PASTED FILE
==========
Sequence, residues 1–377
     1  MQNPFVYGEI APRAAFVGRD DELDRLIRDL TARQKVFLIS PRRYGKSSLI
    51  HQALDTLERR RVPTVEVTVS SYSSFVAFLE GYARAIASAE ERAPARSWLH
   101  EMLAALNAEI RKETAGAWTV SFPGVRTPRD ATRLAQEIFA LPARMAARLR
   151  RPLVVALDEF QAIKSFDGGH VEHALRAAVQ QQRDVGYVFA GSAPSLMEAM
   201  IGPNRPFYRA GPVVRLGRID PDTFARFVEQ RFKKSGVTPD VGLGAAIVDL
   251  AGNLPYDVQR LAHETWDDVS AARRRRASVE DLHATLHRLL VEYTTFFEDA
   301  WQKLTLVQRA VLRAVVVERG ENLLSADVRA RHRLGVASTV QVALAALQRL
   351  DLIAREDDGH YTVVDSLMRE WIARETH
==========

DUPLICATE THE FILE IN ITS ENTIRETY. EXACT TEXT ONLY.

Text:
Sequence, residues 1–377
     1  MQNPFVYGEI APRAAFVGRD DELDRLIRDL TARQKVFLIS PRRYGKSSLI
    51  HQALDTLERR RVPTVEVTVS SYSSFVAFLE GYARAIASAE ERAPARSWLH
   101  EMLAALNAEI RKETAGAWTV SFPGVRTPRD ATRLAQEIFA LPARMAARLR
   151  RPLVVALDEF QAIKSFDGGH VEHALRAAVQ QQRDVGYVFA GSAPSLMEAM
   201  IGPNRPFYRA GPVVRLGRID PDTFARFVEQ RFKKSGVTPD VGLGAAIVDL
   251  AGNLPYDVQR LAHETWDDVS AARRRRASVE DLHATLHRLL VEYTTFFEDA
   301  WQKLTLVQRA VLRAVVVERG ENLLSADVRA RHRLGVASTV QVALAALQRL
   351  DLIAREDDGH YTVVDSLMRE WIARETH